The arrests of at least two women out of the 24 suspects initially held in the recently foiled plot in London highlight the potential threat posed by radical Muslim women (al-Jazeera, August 21). While little is known about the recent female detainees, women have played a central role in providing ideological and logistics support to al-Qaeda and local jihadi terrorists. The role of female suicide bombers is still relatively new and could shift over time, should al-Qaeda and like-minded groups increasingly recruit Muslim women for future attacks.
In the few cases known about Muslim female suicide bombers, most were related by family to the male suspects and terrorist leaders. For example, an Iraqi woman, Sajida al-Rishawi, appeared on Jordanian television in November 2005 confessing her intent to bomb a Western hotel in the capital city of Amman together with her husband (Khaleej Times, November 13, 2005). Having failed to release her explosives belt, her husband pushed her out of the ballroom and detonated his explosives. In recent years, several Palestinian female bombers, including Sana’a Shahada, Iman Asha, Abir Hamdan and Thawiya Hamour, had familial and personal links to male terrorists (Israeli Ministry of Foreign Affairs, January 3, 2003).
Other examples of female suicide operatives include a 19-year old Uzbek girl, Dilnoza Holmudora, who was married to the leader of the Islamic Jihad Movement of Uzbekistan, and two Egyptian women, who shot at a tourist bus in Cairo in April 2005. Both women were in their 20s. One was the fiancée, and the other the sister of the male perpetrators (RCA No. 278, April 20, 2004).
Most recently, the Mujahideen Shura Council in Iraq issued a communiqué claiming responsibility for a suicide bombing on August 16, executed by a female member of the group’s suicide brigade, targeting a combined patrol of U.S. forces and Iraqi National Guards in al-Muqdadiyah (Associated Press, September 28, 2005). According to the message, more than 15 soldiers of the patrol were killed and others injured. Media reports indicate that the woman, wearing an explosives belt, detonated herself on the U.S.-Iraqi patrol near a bus stop, killing seven and wounding 20, including civilians and military members.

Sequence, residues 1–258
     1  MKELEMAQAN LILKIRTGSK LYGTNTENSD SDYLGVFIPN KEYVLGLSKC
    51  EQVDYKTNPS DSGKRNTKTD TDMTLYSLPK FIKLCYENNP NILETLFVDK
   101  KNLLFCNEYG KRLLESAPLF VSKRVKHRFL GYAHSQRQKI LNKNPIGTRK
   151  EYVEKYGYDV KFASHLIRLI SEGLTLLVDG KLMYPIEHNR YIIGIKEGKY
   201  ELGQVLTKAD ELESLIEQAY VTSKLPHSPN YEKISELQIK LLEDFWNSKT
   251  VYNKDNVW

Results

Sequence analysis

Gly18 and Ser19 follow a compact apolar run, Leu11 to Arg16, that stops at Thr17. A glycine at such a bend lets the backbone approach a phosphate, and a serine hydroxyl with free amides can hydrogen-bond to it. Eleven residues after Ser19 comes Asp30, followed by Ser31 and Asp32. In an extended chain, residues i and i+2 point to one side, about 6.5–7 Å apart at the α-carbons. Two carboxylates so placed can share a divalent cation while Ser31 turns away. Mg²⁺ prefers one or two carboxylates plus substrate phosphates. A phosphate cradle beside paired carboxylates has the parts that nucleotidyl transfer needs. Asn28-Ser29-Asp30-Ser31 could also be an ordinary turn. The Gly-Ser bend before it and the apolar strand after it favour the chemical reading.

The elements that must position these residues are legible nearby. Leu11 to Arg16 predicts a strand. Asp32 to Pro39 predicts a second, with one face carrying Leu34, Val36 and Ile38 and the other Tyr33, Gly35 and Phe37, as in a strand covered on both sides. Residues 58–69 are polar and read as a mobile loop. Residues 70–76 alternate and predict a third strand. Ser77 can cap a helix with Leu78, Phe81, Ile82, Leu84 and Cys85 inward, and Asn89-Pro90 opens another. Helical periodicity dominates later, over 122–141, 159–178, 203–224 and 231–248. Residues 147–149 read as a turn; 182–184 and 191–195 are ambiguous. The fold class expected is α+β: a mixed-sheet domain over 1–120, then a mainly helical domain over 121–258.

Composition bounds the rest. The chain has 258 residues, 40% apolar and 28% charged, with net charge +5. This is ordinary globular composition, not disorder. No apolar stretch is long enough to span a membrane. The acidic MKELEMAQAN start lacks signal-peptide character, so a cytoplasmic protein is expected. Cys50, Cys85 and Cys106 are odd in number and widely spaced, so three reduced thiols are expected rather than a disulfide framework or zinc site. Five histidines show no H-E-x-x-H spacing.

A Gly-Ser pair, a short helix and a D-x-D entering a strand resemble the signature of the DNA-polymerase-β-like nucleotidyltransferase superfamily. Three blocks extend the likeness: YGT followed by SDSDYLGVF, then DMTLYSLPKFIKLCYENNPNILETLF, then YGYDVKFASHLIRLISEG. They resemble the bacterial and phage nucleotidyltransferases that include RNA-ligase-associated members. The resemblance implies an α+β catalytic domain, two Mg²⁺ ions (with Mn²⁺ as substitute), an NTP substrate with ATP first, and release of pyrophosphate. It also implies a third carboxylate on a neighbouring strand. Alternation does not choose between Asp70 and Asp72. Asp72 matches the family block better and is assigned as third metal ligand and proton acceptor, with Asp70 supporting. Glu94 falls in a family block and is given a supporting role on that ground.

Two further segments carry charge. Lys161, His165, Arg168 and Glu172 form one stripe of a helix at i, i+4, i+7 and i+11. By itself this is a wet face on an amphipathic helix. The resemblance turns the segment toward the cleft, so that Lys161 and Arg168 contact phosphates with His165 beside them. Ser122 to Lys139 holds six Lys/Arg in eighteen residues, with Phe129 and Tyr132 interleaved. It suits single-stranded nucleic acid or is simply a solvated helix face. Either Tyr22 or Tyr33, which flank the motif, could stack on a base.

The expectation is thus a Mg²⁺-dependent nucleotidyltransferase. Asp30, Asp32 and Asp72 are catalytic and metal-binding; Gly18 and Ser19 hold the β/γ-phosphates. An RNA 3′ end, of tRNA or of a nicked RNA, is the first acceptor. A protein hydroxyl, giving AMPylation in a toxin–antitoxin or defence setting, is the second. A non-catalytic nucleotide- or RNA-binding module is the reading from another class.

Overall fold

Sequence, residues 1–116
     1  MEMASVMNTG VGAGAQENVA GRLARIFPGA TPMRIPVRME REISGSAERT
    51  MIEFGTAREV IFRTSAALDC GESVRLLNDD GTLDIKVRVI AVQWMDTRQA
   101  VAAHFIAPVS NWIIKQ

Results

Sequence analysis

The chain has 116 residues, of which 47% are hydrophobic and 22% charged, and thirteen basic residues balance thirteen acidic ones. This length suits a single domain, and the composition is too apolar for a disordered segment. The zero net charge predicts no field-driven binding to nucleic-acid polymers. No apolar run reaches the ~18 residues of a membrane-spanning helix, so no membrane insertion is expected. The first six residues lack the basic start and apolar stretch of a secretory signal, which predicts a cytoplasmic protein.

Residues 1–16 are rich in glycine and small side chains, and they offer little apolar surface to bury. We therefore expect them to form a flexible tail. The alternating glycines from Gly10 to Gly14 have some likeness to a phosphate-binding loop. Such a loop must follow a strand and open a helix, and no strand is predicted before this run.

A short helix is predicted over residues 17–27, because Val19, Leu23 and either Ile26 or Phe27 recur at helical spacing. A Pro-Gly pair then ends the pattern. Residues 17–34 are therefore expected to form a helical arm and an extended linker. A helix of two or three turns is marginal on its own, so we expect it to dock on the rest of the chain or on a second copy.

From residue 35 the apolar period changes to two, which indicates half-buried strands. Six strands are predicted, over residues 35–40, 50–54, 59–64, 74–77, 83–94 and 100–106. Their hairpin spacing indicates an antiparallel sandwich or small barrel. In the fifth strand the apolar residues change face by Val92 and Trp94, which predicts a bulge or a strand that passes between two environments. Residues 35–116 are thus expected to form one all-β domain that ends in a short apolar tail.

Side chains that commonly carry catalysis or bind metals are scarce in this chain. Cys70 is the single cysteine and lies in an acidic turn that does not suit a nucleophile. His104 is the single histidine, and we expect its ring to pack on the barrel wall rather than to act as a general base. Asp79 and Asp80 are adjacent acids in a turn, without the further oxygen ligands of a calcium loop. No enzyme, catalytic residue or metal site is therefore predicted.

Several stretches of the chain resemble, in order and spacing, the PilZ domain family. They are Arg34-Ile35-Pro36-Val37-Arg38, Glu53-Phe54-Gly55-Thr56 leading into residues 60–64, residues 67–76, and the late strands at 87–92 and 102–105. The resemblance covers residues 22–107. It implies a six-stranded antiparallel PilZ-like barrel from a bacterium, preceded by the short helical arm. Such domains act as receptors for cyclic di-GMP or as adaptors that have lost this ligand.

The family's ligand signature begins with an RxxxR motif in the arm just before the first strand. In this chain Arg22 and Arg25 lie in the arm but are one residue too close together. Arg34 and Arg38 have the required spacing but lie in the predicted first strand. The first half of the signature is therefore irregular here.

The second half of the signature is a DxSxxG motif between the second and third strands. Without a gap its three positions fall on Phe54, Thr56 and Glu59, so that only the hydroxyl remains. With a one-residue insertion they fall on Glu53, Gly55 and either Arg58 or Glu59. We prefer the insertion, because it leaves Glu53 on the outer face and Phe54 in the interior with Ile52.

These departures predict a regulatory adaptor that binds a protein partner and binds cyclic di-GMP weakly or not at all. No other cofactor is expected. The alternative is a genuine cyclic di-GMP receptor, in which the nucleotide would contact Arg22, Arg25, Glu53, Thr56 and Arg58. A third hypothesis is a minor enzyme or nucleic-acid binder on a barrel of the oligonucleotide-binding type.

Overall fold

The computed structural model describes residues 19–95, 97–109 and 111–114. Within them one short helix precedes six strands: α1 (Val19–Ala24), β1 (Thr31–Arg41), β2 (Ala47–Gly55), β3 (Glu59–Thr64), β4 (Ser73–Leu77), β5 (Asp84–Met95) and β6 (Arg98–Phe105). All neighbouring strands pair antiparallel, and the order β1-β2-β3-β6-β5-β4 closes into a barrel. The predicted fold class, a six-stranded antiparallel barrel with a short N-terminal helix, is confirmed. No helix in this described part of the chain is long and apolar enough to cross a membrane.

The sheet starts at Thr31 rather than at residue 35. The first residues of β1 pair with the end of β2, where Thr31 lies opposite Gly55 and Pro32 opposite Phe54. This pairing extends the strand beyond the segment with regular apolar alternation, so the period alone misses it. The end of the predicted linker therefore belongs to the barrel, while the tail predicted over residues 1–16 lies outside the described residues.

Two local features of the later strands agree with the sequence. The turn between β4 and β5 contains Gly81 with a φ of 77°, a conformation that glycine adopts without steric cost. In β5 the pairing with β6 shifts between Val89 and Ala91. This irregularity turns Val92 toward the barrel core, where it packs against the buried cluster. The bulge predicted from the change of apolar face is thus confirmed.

Despite the recent participation of Muslim women in attacks, a Muslim woman’s primary role in the al-Qaeda family has been to offer moral and ideological support to male jihadis. The wives of male militants demonstrate their support for their husbands, sons, brothers and other fighters through their communiqués and statements in jihadi magazines. Um Muhammad, the wife of the deceased al-Qaeda leader in Iraq, Abu Musab al-Zarqawi, posted a letter last month on a jihadi website urging Muslim men to hold steady in jihad and warned the Iraqi government that the “great death is coming” (Mujahideen Shura Council website, July 2006). In the al-Khansaa magazine, the propaganda arm of al-Qaeda in Saudi Arabia, articles focus on the role of women in jihad. Even on the internet, websites for Muslim women such as www.mojahdat.jeeran.com encourage them to support male jihadis in various conflicts worldwide.
In short, women are increasingly being called on for jihad. No longer invisible, Muslim women are able to utilize modern technology, with support from a new generation of male terrorists, to proclaim their voices on the global jihadi landscape.
Farhana Qazi is a Fellow at the Center for Global Policy and an internationally recognized public speaker on conflicts in the Islamic world. She is the author of Secrets of the Kashmir Valley (Pharos, 2016). She is the recipient of the 21st Century Leader Award, presented by the National Committee on American Foreign Policy (NCAFP) for her service to the U.S. government. This article was initially published by The Jamestown Foundation’s Terrorism Monitor on Aug. 23, 2006.